This approach ensures that I take every patient’s problems seriously and evaluate it completely. Some PA students sometimes say to me, “Oh the patient in room 3 is probably trying to get out of work.” I never assume that the patient is faking it because that kind of attitude is not only disrespectful, it makes you a lot less thorough.
What do you dislike?
I do not like it when patients assume that the medical provider seeing them is the ‘bad guy’. When people assume that you are just out to torture them or dismiss them in some way, it makes my work harder.
How do you make money/or how are you compensated?
I get paid a salary based on the amount of hours that I work.
How much money do you make as a Physician Assistant?
I make between $45 and $65 per hour.
How much money do Physician Assistants make starting out?
I believe that the range nationally is between $70,000 to $150,000.00 per year for Emergency Room PAs. Other specialties are compensated at different salary ranges.
What education, schooling, or skills are needed to become a Physician’s Assistant?
Most states now require that you have a Master’s Degree from an accredited PA program to practice and that you be certified by the National Certifying agency for PAs the NCCPA. You need to take the board exam every seven years to keep your certification active. To get into most PA programs you have to have had at least one or two years of patient care experience.
What is most challenging about what you do?
Knowing what you do not know and making certain that your certifying physician is involved in all complicated or difficult medical cases. Sometimes physicians will say, “I trust your judgement.” but if I am calling on my supervisong MD it is because I do not trust my own judgement and I want them involved in the patient’s evaluation and treatment. The physicians that I work with know that if I am speaking to them about a case it is because I want them involved in the patient’s care.
Another challenge for everyone in the medical profession is making certain that you are thorough when performing your medical examinations and completing your medical records. You can get into legal trouble if your medical records are sloppy or incomplete.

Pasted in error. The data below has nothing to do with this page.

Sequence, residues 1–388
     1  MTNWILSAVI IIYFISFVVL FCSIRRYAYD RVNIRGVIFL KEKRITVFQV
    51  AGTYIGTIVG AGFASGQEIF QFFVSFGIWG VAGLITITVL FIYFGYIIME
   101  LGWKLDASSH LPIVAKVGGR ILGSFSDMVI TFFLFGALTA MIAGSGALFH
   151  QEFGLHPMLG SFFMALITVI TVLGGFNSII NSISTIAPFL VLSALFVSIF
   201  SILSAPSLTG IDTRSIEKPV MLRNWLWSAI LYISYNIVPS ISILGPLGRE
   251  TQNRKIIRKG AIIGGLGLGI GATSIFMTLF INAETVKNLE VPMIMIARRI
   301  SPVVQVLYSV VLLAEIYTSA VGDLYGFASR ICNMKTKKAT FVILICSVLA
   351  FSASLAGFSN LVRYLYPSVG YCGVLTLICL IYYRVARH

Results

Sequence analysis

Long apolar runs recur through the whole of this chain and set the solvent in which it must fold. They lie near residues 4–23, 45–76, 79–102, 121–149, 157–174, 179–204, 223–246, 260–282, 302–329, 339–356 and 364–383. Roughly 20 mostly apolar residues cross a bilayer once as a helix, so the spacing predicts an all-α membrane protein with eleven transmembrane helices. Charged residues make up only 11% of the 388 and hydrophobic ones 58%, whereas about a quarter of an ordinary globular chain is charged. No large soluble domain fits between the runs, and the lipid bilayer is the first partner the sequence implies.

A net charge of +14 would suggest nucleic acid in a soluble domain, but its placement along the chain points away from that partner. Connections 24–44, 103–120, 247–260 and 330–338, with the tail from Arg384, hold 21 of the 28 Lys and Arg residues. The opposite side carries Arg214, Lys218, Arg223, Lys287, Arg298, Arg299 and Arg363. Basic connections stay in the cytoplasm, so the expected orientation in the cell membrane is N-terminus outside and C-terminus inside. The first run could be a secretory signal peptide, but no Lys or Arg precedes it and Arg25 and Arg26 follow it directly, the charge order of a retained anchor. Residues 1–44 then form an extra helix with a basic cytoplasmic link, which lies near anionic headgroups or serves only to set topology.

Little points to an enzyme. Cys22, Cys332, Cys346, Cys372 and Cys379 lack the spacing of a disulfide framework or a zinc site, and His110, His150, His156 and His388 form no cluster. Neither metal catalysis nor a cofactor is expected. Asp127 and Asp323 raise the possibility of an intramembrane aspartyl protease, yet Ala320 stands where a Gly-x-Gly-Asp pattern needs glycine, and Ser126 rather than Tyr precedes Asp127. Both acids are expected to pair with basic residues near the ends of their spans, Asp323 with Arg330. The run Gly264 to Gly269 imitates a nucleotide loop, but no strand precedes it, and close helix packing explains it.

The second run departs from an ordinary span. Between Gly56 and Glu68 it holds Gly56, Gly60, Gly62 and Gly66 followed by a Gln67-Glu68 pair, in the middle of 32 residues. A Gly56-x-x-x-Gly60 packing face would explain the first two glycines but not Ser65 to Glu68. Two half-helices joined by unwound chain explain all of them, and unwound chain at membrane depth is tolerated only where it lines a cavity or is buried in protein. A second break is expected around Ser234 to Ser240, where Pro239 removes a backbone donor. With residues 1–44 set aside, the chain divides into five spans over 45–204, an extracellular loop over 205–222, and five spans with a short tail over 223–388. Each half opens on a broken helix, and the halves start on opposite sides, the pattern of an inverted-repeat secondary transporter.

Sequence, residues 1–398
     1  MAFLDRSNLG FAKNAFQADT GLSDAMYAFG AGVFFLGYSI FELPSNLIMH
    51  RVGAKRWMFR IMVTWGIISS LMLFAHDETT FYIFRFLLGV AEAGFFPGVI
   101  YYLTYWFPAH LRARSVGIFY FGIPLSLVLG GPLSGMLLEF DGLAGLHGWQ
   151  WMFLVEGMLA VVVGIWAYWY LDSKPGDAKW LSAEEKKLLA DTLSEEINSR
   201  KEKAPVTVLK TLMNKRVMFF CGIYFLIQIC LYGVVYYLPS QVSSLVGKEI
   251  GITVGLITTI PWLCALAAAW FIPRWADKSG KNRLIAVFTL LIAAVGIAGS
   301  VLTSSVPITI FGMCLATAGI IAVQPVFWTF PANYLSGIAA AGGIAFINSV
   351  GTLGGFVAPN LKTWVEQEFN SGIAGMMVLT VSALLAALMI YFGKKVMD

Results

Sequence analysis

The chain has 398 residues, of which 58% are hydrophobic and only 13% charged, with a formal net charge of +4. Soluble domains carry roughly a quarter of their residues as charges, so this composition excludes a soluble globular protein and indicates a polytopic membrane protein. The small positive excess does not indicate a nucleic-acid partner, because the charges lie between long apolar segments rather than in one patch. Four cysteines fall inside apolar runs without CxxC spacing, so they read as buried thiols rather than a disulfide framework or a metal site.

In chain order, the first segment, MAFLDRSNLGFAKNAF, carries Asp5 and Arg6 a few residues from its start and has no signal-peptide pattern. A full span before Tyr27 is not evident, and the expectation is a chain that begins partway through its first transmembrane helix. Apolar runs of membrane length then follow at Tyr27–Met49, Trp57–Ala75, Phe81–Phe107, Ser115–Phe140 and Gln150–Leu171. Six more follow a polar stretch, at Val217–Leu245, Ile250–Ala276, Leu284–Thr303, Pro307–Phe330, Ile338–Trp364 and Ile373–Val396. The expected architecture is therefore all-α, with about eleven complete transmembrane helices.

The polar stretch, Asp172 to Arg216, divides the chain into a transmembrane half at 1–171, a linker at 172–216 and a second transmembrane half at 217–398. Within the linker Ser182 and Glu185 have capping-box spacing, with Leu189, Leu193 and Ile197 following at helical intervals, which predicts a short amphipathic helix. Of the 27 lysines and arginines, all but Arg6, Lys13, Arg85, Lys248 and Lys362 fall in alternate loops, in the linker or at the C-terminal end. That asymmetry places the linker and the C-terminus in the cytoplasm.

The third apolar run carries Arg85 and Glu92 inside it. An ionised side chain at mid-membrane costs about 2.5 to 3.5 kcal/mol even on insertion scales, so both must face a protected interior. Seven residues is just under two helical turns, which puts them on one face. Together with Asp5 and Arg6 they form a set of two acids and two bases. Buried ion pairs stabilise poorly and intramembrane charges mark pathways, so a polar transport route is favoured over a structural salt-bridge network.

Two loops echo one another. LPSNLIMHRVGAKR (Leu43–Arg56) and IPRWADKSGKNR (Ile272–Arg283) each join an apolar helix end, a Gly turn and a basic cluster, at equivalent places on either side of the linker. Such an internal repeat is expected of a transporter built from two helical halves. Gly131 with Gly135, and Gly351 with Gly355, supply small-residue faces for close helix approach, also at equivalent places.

Taking the boards every seven years keeps your skills current but this is also a challenge as you have to study a lot to make certain that you will pass them.
What is most rewarding?
When a patient that is sick or in pain gets better and thanks you.
What advice would you offer someone considering this career?
Get some medical experience under your belt even if it is just as a volunteer. You will need it to apply to PA school and you will be better prepared for PA school when you get in. Apply to at least 5-7 programs as PA schools are hard to get into and the more programs that you apply to, the better your chances of getting accepted.
How much time off do you get/take?
I work PRN which mean I only work the shifts that I want to work. I do not get paid for this time off but I am able to take quite a bit of time off in the summer to be with my children.
What is a common misconception people have about what you do?
Because the title is Physician Assistant, people sometimes think that I am a medical assistant. This used to happen a lot before the profession became so well known. Now most people know the difference.
People also do not realize that a physician is not always in the room or even in the building, looking over my shoulder , while I am working and that PAs can write prescriptions and work independently with a physician on call by phone.
What are your goals/dreams for the future?
I want to continue to write books about medical conditions that I believe are misunderstood or under evaluated by the medical profession.
What else would you like people to know about your job/career?
I have been a PA for over thirty years. I became a PA at a time when PAs were so unkown that they had to walk into a patient’s room and say, “Hi, my name is Tess Messer and I am a Physician Assistant. Do you know what that is?” I have not had to say those words in a very long time. The PA profession has grown tremendously in its scope and in the respect it recieves from the greater medical community. I have had a great time being a PA and I could not have picked a better career. I am proud to have been a pioneer of this great profession.